Ethics Commission hears input on financial disclosure forums

Published 11:00 am Monday, December 18, 2023

By Lance Gaither

On Wednesday, the Boyle County Ethics Commission held a public forum to receive input on financial disclosure requirements for members of county boards, such as the Board of Health. The current financial disclosure forum requires extensive information regarding both the individual and their spouse and is a matter of public record. Information in the forum that must be disclosed includes sources of income, debts, investments and properties owned, among many other requirements. The current requirements have been in place since 1994. The full list of requirements can be found in the Boyle County Code of Ethics Section 21.

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“I met with the Board of Health earlier this year and we were talking about the financial disclosure forums. That created a dialogue, we followed up on that,” said Boyle County Ethics Board Chairperson Joe Myers. “It was presented to the fiscal court to ask for a moratorium to study this, We have delayed the financial disclosure forum because the fiscal court wants us to study this, get input, and making recommendations to them. If they change the code, we can change the forum. We are not going to ask something we are not authorized to ask for and we are not going to omit something we are required to ask.”

During the forum, speakers emphasized that board members are volunteers and that the requirements might intimidate them.

“If something on the forum is not correct the Ethics Board can require people to speak under oath and there could be misdemeanor charges,” said Public Health Director Brent Blevins. “When you are looking at a volunteer board member who has a forum with not only a lot of private information, but also it could get up to that, that’s a lot.”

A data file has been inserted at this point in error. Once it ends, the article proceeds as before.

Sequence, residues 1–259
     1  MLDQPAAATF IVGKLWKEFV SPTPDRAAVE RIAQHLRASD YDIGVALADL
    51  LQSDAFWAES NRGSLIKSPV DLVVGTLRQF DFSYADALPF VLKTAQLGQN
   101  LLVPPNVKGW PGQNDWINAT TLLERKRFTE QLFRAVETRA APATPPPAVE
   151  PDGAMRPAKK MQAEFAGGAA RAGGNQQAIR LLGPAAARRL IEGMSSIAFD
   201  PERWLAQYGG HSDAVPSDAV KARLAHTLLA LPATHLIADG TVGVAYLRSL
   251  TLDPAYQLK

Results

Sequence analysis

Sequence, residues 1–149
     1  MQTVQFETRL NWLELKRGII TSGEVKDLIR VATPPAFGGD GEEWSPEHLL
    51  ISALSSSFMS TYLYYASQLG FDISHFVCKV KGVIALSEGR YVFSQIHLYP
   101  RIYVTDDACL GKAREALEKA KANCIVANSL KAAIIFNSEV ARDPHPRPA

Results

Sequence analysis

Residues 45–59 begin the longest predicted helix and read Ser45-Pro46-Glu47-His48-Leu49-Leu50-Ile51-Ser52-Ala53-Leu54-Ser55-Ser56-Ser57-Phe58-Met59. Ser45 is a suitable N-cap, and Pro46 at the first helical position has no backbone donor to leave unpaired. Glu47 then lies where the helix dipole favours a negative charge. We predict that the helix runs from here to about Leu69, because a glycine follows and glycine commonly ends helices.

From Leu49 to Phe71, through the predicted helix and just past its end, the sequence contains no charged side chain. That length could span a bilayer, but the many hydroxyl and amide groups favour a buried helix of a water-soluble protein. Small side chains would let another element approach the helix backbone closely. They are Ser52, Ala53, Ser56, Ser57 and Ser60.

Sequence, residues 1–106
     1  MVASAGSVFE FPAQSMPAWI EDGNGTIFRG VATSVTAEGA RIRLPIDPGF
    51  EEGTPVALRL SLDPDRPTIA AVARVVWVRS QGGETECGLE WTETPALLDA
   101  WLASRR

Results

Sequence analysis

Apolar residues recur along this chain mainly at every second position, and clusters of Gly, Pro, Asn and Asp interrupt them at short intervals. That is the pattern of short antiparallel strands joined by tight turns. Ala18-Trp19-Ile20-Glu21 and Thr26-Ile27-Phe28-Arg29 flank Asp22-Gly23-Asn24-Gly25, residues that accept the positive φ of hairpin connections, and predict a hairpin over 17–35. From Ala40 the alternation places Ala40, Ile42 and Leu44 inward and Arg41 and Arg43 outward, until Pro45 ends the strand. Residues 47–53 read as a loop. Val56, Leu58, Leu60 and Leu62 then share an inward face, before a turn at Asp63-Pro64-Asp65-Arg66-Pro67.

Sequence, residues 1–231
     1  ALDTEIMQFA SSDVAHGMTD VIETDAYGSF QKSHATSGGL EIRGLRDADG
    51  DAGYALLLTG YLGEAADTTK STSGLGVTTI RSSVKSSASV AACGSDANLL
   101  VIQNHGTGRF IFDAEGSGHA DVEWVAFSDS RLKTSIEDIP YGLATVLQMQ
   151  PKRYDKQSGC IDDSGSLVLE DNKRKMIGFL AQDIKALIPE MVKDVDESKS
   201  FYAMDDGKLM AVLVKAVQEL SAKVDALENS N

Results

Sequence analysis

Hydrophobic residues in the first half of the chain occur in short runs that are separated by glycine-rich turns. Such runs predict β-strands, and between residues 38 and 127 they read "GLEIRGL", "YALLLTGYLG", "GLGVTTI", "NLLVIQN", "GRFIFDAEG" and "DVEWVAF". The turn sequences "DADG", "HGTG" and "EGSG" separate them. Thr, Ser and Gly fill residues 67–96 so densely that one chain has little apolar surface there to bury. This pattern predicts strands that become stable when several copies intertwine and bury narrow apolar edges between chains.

Brenda Willoughby Brown, a member of the Birthplace of Kentucky Committee, said that the committee serves only in an advisory capacity and has no final authority.

“We have lost people because of this forum. It is hard to find a volunteer. There are several that wanted to be on the committee that didn’t because of this,” Brown said. “We have no procurement responsibility, we are advisors. I think most volunteers feel the way we do.”

The ethics commission is continuing to study the financial disclosure requirements and is continuing to seek public input on the issue.

“We want to make sure that whatever we do doesn’t inadvertently create problems,” Myers said. “It is a process we are in, and this an important part of it. We want to hear what people have to say.”

The Boyle County Ethics Commission’s next public meeting will be at 9 a.m. on Jan. 17 at the courthouse. Comments can also be submitted to the ethics commission via email at